FDA suspends domestic food inspections during government shutdown

Irving Hamilton
January 12, 2019

The agency is still conducting inspections of foreign food coming into the country but under its shutdown contingency plan regular inspections of domestic facilities are suspended, raising concerns that Americans could be at higher risk for outbreaks of foodborne pathogens.

As you probably recall, the Food and Drug Administration (FDA) is part of the USA federal government.

"FDA doesn't tend to do inspections of those unless there's been a problem", Sarah Taber, a food safety consultant, told Bloomberg.

But that increase will still only cover about one-third of the normal domestic food inspections.

The CDC says food-borne illness kills 3000 people in the US annually, and sickens a whopping 48 million people each year.

As a result of the shutdown, FDA is not conducting routine inspections of domestic food processing facilities.

"While food inspections of most of these facilities have halted due to the funding shortfall caused by the shutdown, Gottlieb says he is seeking to bring back enough workers to investigate high-risk facilities, which deal with sensitive foods such as seafood and cheese".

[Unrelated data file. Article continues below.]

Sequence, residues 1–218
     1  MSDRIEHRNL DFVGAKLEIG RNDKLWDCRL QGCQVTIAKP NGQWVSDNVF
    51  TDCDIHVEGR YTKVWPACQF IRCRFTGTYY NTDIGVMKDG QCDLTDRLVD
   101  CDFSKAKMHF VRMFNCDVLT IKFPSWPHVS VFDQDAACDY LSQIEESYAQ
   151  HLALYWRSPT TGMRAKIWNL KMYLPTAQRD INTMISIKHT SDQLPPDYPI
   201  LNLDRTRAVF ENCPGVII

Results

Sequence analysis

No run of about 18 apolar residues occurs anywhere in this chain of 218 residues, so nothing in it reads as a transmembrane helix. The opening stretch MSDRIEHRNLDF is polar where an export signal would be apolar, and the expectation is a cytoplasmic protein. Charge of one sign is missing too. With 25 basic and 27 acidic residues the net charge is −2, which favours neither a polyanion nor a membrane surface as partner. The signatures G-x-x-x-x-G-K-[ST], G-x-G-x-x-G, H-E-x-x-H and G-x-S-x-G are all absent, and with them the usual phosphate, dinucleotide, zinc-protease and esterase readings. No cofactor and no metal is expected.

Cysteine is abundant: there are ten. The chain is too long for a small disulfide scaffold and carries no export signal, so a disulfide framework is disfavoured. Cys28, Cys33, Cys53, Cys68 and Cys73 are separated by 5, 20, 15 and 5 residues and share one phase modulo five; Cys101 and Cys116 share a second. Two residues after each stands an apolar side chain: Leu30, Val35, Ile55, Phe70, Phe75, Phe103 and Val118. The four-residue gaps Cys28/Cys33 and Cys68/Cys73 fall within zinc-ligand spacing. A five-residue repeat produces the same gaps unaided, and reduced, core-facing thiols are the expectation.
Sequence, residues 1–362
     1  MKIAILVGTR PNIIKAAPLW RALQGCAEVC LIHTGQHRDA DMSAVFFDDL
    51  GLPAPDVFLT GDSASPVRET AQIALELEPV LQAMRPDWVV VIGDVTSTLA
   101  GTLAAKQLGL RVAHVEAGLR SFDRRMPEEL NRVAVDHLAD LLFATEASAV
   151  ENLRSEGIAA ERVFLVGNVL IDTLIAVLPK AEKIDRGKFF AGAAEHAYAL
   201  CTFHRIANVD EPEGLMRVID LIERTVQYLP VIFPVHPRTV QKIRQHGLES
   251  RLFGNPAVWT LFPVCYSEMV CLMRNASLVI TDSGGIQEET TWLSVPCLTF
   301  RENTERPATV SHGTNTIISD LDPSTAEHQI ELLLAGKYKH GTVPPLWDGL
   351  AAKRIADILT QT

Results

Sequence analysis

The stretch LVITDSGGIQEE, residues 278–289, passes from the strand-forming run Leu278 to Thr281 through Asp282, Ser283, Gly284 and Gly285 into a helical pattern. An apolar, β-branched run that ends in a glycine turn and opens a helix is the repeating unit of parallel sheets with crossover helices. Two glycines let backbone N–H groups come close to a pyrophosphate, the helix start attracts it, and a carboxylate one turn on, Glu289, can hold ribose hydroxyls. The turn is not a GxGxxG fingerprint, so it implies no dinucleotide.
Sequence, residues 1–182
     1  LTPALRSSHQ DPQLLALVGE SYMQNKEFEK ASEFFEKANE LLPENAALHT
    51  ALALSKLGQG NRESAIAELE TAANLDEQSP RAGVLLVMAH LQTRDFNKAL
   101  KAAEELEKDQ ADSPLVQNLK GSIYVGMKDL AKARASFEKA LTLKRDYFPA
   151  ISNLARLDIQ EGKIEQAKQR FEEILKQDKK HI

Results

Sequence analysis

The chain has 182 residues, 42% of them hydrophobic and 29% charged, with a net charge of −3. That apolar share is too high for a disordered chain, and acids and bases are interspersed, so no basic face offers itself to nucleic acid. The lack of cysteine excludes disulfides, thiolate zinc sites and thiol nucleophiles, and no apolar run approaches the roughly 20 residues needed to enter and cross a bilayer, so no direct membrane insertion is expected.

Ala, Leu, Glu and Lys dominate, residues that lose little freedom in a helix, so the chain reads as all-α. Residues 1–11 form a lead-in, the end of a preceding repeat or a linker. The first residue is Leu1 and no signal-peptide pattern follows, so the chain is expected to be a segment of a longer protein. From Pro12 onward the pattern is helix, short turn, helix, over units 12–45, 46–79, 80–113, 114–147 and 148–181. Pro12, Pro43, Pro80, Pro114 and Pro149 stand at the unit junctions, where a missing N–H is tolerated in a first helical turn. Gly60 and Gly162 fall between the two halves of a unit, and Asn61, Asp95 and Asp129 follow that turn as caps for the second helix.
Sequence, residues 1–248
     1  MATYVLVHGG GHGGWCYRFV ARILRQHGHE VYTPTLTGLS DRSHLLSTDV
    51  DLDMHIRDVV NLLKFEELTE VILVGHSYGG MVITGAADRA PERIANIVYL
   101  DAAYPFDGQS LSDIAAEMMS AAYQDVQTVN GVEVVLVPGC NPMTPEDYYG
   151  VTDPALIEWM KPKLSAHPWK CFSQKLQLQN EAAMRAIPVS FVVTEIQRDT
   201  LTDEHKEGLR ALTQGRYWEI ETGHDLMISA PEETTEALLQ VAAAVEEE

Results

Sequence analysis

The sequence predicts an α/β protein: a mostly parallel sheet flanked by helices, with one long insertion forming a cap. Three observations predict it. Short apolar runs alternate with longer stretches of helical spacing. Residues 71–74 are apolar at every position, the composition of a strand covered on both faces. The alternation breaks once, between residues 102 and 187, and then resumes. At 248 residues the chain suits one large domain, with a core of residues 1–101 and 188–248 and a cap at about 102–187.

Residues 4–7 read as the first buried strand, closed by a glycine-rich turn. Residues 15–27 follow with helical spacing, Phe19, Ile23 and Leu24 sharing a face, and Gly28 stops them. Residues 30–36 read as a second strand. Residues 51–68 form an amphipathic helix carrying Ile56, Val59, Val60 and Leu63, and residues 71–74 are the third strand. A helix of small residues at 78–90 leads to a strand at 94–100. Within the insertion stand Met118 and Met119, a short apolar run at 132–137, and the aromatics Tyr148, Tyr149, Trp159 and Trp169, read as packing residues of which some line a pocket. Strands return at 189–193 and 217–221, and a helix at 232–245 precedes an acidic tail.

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From lettuce, to cereal and even ice cream - the FDA commissioner sent some stern tweets about potential candidates in food.

Gottlieb said the FDA's goal is to handle the most important inspections. Sampling of some foods such as frozen berries for contamination has also continued, Gottlieb said.

Just a year ago, the agency and the CDC helped pinpoint an outbreak of to romaine lettuce and track breakfast cereal that sickened some people with salmonella.

The Agriculture Department is already inspecting meat and poultry without pay during the shutdown.

In a possible sign of the slowed pace of inspections, the FDA hasn't posted any new warning letters since the beginning of the shutdown, the Center for Science in the Public Interest said in an email. Restaurants are overseen by local health agencies.

'That's more and more issues they're potentially not catching, ' she said.

The report noted that the agency inspected about 19 percent of all food facilities in 2015.

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